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Officers tour new police station construction site in DeKalb

Published: Wednesday, Jan. 16, 2013 5:30 a.m. CDT • Updated: Wednesday, Jan. 16, 2013 11:22 a.m. CDT
Caption
(Kyle Bursaw — kbursaw@shawmedia.com)
T. J. Moore, DeKalb’s director of public works, gestures Monday at what will become the new DeKalb police station’s front entrance from the second floor of the structure during a tour for media and a few police officers. The new station is set to open later in the year.

DeKALB – Police officer Sadie Pristave was pleasantly surprised to learn the city’s new police station would have its own workout facility.

It’s not something DeKalb officers have at the current police station, 200 S. Fourth St.

“On this job, you want to stay healthy and active,” Pristave said. “But it’s hard to take time out of your personal life, especially on this job.”

She was one of two police officers who toured the construction site Monday at 700 W. Lincoln Highway.

Space is limited at the current DeKalb police station. Sometimes officers have to use the same entryway for booking suspects, interviewing potential informants, or interacting with the general public.

“You’re going to have so much space [in the new building], you won’t know what to do with yourself,” Public Works Director T.J. Moore said.

DeKalb police are expected to move into their 36,000-square foot building this year, possibly by Thanksgiving. The new site is as big, if not bigger, than the entire building in which the department currently occupies a few rooms.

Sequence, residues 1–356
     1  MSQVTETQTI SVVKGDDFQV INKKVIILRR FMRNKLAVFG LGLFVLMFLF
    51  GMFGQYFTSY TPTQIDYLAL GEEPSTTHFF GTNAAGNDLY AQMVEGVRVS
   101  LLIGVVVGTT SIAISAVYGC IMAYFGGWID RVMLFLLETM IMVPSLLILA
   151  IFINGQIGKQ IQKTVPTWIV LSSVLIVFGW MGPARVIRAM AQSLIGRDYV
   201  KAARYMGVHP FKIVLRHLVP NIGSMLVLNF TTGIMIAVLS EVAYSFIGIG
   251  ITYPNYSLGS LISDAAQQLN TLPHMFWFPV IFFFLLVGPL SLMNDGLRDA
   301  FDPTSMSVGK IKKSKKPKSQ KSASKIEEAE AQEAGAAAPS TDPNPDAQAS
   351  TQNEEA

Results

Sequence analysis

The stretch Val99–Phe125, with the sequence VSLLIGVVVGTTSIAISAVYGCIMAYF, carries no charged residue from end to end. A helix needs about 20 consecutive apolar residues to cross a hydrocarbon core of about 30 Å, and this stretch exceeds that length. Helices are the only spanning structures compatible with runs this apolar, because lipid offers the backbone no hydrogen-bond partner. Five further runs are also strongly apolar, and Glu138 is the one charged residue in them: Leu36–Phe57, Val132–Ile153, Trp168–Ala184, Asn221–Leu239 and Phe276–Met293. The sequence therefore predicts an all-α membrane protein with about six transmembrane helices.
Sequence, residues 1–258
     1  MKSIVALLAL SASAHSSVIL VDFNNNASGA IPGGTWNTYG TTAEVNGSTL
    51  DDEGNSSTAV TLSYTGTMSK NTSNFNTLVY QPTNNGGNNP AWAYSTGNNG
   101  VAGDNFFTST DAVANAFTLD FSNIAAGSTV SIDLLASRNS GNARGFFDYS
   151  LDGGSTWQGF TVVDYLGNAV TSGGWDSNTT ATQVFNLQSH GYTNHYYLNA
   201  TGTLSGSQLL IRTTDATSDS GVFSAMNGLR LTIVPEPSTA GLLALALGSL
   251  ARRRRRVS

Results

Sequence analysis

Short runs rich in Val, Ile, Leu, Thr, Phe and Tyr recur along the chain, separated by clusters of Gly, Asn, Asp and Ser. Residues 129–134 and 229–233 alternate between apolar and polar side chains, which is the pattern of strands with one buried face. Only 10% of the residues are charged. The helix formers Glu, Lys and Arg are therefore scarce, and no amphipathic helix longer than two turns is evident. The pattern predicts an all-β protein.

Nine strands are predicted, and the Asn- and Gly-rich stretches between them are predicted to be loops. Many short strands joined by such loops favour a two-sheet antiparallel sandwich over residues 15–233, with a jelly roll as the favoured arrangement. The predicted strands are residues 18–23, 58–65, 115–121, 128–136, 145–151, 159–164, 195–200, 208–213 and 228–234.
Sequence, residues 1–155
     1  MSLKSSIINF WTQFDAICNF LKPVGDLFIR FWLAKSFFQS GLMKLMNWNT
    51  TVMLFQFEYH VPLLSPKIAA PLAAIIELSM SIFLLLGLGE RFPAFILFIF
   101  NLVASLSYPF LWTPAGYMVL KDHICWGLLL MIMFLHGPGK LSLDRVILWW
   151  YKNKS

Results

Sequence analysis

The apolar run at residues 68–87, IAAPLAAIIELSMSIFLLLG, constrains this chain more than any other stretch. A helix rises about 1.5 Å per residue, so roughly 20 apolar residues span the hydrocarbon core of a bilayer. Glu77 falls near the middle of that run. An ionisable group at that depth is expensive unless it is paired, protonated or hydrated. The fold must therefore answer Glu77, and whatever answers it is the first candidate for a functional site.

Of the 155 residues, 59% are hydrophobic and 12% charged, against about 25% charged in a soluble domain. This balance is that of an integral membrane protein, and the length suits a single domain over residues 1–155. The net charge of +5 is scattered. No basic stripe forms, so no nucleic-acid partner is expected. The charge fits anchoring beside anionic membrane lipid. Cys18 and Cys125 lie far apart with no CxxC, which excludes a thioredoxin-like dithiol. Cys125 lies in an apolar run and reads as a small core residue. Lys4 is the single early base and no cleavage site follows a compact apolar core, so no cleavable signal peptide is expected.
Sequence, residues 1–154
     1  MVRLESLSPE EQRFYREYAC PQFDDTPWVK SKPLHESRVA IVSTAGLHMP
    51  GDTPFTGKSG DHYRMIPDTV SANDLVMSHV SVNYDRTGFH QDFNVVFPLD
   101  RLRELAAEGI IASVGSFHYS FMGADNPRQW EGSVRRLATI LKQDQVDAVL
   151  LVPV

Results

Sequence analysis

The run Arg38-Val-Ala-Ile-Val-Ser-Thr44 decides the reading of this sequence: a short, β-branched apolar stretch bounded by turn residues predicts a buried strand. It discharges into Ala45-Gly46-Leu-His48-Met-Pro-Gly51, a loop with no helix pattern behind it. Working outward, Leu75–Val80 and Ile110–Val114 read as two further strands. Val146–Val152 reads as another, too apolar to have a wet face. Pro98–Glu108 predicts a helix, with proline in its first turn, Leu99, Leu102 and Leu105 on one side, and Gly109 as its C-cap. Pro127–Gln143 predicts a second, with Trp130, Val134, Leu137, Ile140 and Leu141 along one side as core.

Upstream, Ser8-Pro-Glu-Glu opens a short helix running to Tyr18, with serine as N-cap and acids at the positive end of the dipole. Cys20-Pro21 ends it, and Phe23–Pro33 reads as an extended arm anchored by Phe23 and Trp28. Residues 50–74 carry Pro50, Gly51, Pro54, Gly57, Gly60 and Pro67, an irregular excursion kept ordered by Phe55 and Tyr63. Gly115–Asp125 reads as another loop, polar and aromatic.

Moore said they will have a better idea of the move-in date this spring.

Steve Irving of Irving Construction estimates that 40 percent of the building has been completed. The building is fully enclosed, meaning construction crews can work inside regardless of weather conditions.

Officer Todd Wells, a 15-year veteran of the department, said the new dedicated entrances for the public and for arrestees will ensure better efficiency and safety.

The new station will include a garage in which officers can inspect impounded cars for evidence. Currently, officers travel to a site on the east side of town to do such inspections.

“It will be nice to have it in one place,” Wells said. “It’ll be much more convenient and much more efficient.”

Police dispatchers will be sequestered in their own area within the new station, Moore said. Dispatchers will have their own facilities including a bathroom, break room, and a kitchenette to ensure that they won’t be far away in case of an emergency.

The building will cost no more than $12.7 million. In September, city leaders voted to borrow $12.25 million to pay for the new police station over a period of 19 years and established the cost ceiling. The project is scheduled to finish within budget as of this week, Moore said.

City leaders had discussed a new police station for the better part of a decade and settled on the location on West Lincoln Highway about a year ago.

The new location is within a short distance of Northern Illinois University and where the majority of its students live. It’s also closer to the city’s northwest quadrant – north of Lincoln Highway and west of First Street – where police officials have said officers most often are called.

Moore said the new station should meet the city’s policing needs into the foreseeable future, but he said the building is designed for easy expansion should the need arise.

“We can scale up if things get more exciting,” Moore said.

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